We all got telephone calls to see who was dead or injured. And Jean Charles de
Menezes was mistakenly shot in the subway close to my home.

So I took the words out, partly because I was sick of what had been done with
them in the weeks preceding my trip. I had marched peacefully against the invasion
of Iraq in 2003, in the biggest antiwar demo ever in the world. But it made no
difference. We went to war upon words – or lies, there were no weapons. The English
UN weapons inspector David Kelly, a devout honest man, committed suicide over
leaked words for this. I was questioning how we could find any truth and wondered
if perhaps there was a little in dance. Or perhaps there is a democracy in dance.
Sometimes dance is the only creative expression we make; therefore it’s political
and contains the past. So, this became my tiny, negligible statement of protest.

Still from Alex Reuben's 'Routes' How did you film Routes?

In the opening scene I had the camera in one hand and the microphone in another.
I moved, stepping over grassy mounds, people and guitar cases, pointing the camera
one way, and the microphone another, even whilst taking the camera off the tri-pod.
I felt as though I was painting with sound and image. The sound was recorded in
an unusual, even opposite way to conventional sound recording. I tried to communicate
a real sound experience that is connected to the movement and percussion of the
incredible dancing and my own sonic experience as I also moved. I wasn’t looking
for constant audio excellence. I was looking for grit, atmosphere and texture
and my approach was instinctive.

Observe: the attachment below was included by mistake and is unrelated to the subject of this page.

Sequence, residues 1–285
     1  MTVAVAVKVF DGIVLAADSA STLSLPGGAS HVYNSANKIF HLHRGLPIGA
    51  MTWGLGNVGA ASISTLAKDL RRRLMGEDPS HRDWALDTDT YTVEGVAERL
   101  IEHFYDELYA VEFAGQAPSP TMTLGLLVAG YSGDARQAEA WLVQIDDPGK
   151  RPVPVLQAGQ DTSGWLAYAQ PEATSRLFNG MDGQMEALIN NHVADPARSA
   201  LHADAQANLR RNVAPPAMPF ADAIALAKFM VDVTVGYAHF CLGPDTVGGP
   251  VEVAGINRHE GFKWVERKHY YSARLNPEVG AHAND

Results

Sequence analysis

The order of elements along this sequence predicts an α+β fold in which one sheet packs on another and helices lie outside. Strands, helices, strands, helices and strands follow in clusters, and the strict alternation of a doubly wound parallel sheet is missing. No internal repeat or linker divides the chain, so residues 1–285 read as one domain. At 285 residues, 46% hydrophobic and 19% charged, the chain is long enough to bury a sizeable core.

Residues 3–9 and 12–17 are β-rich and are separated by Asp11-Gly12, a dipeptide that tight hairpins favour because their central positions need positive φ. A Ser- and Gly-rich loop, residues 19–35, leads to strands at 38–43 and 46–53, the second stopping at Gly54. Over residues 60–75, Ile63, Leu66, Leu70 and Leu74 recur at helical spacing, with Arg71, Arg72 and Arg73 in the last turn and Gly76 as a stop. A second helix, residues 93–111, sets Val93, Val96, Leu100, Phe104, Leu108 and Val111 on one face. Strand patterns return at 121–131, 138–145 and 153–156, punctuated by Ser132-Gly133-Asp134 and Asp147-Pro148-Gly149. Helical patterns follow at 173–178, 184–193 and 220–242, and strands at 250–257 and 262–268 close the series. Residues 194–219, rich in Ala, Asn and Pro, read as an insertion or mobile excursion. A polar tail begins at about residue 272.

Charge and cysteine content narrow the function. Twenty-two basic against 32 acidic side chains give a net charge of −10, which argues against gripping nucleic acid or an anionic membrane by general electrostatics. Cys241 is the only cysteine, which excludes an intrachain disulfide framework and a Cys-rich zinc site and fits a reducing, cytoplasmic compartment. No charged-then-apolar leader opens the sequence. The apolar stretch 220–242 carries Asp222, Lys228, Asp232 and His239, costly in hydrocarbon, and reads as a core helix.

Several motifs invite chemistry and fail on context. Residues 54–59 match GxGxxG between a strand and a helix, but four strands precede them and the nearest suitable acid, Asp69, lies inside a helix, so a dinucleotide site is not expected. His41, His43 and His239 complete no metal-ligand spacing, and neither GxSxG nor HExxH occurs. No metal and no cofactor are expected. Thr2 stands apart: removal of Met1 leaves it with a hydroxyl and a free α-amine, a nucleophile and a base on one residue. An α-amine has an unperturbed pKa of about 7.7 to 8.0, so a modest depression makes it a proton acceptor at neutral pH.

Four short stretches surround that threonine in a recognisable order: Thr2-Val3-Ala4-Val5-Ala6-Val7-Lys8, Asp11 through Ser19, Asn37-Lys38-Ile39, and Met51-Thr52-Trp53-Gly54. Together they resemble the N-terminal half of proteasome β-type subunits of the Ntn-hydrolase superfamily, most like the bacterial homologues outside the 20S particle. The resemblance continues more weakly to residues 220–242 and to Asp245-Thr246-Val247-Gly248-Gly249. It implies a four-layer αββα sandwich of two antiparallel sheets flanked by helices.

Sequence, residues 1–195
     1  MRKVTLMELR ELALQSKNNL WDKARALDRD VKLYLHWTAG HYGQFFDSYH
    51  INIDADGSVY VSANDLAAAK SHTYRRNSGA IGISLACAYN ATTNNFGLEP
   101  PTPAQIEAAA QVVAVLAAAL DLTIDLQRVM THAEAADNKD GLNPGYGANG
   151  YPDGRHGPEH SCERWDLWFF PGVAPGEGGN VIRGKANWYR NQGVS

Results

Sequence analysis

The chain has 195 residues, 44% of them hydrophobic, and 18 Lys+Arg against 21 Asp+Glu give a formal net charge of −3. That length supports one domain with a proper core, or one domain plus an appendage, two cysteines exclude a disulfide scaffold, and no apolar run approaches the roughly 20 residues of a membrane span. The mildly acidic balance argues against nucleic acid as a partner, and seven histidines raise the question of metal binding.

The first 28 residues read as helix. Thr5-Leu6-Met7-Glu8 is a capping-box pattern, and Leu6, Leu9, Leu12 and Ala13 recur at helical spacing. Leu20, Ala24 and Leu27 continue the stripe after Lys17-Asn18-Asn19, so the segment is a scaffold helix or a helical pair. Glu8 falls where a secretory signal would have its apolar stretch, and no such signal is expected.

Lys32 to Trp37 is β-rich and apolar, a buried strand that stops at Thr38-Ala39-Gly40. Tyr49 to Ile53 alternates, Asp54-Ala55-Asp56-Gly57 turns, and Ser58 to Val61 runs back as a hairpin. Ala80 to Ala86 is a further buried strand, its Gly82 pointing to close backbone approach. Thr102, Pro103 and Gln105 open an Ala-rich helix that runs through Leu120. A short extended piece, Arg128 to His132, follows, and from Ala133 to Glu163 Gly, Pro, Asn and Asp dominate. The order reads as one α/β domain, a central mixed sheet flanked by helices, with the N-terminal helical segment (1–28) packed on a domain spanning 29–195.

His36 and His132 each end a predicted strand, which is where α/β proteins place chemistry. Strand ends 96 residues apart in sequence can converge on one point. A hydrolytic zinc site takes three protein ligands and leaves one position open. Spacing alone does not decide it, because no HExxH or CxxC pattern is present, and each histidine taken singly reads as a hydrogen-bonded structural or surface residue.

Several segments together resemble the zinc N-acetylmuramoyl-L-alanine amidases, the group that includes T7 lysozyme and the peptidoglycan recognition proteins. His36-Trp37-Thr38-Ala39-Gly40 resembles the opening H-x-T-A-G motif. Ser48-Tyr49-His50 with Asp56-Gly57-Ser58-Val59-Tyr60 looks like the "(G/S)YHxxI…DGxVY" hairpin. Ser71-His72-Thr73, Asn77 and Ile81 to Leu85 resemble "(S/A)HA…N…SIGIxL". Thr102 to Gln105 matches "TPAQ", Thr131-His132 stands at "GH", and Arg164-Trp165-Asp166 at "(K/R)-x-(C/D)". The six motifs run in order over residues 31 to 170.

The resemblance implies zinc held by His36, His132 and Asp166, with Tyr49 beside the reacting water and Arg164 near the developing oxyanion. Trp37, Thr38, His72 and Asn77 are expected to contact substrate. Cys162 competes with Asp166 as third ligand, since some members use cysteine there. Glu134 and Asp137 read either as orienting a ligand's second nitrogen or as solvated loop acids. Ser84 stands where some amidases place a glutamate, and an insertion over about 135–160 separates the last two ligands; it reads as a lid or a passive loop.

One of the most important things was not to break the sound recording, as that
would destroy the fluidity and momentum of the material. When it came to editing,
I could have easily cutaway proficiently when the camera went awry, for example
if I had fallen while filming, but I didn’t due to the commitment I felt to sound-synch
and the immediacy of a unique time and place.

Still from Alex Reuben's 'Routes' *The film is genuinely distinctive. What are you hoping audiences will make of
it?*

The subject and language of Routes, and my work in general, is dance and music. I want the audience to be lost
in a language of dance and music related to landscape and environment – not a
literal identification of place (a concept I have come to call ‘Choreogeography’).
I hope they make connections in the movement and feel the emotions and beauty
of improvisation before any rationalization takes place. We think with our bodies
too; the expressiveness of performance is testament to that. That may lead us
to consider why and how moves and music are connected – the anthropology, politics,
history, on a conscious or subconscious level. But first of all I want viewers
and listeners to feel, enjoy, be amazed, excited.

*_Routes_ is being screened at The Gate Picturehouse Notting Hill until 31 July, with a Q&A
on Sat 26 July, 5.30pm screening.*

*It will also be showing at the Ritzy Brixton from 15 – 21 August, with a Q&A
on 16 August; at* *the Duke of York, Brighton on 16 August (with Q&A, times tbc) and at FACT
in Liverpool 8 – 10 August. Times & dates to be confirmed – check* “”:http://www.picturehouses.co.uk
/>

/>*CAMEO EDINBURGH Mon 18 Aug 6:30pm *

*TYNESIDE CINEMA Mon 22 Sept – Wed 24 Sept times tbc *

This interview also appears on www.alexreuben.com, along with further background info and a video trailer.